North Korea appears to use the release of high profile American prisoners to extract a form of personal tribute, rather than for economic or diplomatic gain, often portraying visiting dignitaries as paying homage.

According to North Korean law, the punishment for hostile acts against the state is between five and 10 years hard labor.

“I think his sentencing was hefty. North Korea seemed to consider his acts more severe,” said Jang Myung-bong, honorary professor at Kookmin University in Seoul and a North Korea law expert.

North Korea is one of the most isolated states on earth. Its official policy of “Juche” or self-reliance is a fusion of Marxism, extreme nationalism and self sufficiency centered on the cult of the ruling Kim family.

SEPARATE JAIL

Bae will not however be incarcerated in one of the North’s notorious slave labor camps, such as the one where defector Kwon Hyo-jin was locked up. There, Kwon said, prisoners were worked to death and often survived only by eating rats and snakes.

“If an American served jail together with North Korean inmates, which won’t happen, he could tell them about capitalism or economic developments. That would be the biggest mistake for North Korea,” said Kwon, a North Korean sentenced to one of its camps for seven years until 2007. He defected to South Korea in 2009.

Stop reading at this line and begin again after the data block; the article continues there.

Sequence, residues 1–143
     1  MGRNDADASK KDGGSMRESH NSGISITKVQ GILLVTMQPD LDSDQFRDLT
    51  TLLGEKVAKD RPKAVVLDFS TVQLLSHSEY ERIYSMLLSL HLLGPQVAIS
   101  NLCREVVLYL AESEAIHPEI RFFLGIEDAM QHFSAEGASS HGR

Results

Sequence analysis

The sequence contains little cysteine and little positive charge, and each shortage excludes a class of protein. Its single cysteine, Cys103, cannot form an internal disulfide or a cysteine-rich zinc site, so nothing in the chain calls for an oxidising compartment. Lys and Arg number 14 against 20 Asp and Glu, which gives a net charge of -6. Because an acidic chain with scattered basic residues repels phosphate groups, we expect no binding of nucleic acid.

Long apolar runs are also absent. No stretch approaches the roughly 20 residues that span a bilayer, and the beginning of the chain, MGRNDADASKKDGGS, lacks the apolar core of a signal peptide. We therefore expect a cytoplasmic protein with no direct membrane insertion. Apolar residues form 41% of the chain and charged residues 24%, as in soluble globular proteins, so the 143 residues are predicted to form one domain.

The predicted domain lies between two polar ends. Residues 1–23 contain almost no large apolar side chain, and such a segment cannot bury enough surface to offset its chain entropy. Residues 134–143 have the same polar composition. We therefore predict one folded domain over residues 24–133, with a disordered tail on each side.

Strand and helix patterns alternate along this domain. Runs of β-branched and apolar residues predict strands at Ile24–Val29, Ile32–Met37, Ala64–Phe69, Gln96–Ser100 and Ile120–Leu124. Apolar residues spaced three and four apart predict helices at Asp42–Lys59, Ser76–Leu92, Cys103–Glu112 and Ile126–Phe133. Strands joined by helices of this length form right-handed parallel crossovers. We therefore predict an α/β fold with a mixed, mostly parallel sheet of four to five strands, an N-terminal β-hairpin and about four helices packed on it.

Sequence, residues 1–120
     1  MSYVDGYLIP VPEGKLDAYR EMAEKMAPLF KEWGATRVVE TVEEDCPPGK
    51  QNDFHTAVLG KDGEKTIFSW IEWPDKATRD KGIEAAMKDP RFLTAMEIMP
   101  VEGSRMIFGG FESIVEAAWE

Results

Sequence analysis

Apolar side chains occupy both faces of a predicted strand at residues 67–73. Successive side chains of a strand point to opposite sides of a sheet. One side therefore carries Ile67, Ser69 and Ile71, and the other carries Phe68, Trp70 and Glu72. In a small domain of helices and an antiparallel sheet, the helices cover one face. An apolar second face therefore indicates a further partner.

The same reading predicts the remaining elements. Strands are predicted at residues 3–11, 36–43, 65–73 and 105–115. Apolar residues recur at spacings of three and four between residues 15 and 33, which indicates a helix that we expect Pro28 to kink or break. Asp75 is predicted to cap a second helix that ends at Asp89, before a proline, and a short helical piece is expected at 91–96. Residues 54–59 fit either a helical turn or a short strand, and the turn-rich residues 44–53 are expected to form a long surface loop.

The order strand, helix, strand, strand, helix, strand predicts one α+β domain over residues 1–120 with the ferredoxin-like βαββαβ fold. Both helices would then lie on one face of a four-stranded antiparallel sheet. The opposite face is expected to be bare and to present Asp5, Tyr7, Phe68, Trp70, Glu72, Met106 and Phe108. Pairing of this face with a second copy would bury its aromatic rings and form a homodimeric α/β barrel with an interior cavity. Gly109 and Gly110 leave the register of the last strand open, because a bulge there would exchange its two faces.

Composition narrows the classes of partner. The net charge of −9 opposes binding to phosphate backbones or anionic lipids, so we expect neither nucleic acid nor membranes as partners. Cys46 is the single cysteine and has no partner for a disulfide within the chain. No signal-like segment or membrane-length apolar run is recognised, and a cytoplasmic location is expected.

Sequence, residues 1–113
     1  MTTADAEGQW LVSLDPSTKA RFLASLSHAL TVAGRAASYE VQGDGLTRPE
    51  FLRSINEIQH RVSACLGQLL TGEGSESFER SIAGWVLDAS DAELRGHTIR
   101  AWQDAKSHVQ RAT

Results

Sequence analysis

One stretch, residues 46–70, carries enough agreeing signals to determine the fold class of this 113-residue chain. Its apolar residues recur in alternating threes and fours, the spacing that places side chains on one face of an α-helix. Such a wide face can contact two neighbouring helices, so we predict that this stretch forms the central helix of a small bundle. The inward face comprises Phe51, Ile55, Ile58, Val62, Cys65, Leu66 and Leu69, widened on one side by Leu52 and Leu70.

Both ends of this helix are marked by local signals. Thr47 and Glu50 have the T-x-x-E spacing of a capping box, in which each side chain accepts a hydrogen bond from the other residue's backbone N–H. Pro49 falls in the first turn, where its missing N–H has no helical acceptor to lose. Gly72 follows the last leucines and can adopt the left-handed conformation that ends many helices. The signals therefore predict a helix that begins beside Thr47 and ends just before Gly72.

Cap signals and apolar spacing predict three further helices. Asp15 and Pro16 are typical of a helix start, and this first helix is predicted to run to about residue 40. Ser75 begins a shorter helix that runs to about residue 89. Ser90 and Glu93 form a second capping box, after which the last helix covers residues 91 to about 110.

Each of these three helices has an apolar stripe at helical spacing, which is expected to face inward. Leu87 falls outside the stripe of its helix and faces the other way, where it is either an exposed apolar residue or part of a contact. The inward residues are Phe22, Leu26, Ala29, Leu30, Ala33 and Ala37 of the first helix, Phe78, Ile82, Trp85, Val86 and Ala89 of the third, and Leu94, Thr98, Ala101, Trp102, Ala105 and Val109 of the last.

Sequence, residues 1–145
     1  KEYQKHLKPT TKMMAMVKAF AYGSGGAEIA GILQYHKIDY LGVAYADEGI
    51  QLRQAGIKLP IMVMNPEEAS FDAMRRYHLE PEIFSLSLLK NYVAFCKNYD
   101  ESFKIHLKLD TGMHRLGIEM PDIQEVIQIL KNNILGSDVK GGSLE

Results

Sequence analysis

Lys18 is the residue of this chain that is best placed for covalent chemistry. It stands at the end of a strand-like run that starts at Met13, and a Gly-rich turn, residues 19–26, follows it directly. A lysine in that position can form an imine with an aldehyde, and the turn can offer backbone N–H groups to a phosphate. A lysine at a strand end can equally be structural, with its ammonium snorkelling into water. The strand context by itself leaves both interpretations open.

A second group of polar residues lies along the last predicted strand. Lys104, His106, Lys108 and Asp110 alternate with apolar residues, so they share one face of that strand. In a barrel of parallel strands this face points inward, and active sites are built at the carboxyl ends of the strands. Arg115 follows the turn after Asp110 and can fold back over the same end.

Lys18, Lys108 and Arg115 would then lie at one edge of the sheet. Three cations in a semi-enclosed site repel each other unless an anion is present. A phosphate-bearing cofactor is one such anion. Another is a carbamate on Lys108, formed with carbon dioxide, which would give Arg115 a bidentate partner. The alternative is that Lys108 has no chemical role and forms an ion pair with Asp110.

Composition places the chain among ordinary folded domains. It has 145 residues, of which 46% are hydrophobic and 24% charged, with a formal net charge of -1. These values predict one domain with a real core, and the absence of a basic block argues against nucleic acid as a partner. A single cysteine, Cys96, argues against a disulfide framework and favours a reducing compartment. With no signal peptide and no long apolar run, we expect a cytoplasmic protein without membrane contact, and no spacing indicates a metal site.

“(Bae) would be sent to a correctional facility that only houses foreigners and was set up as a model for international human rights groups,”

It was not known if Bae had been taken immediately to jail.

Ling, the journalist, told U.S. television that she was placed in a 5-by-6 foot cell when captured and then kept in a regular room afterwards.

Bae was given counsel by the Swedish Embassy in Pyongyang, which has consistently declined to comment on the case, as the United States does not have diplomatic relations with the North.

(Additional reporting by Christine Kim; Editing by David Chance and Raju Gopalakrishnan)


News
Entertainment
Sports
Lifestyle
National

Train selfie star who got kicked in the…

  A 22-year-old Canadian man who posted a video of himself getting kicked in the head by a train conductor is set to cash in…

National

Call of Duty hoaxer blamed for $100K SWAT…

A heavilly-armed SWAT team and an army of police officers stormed a Long Island home fearing a grisly double homicide – only to find it…

National

Minnie Driver tweets naked celebrity snap to 'shut…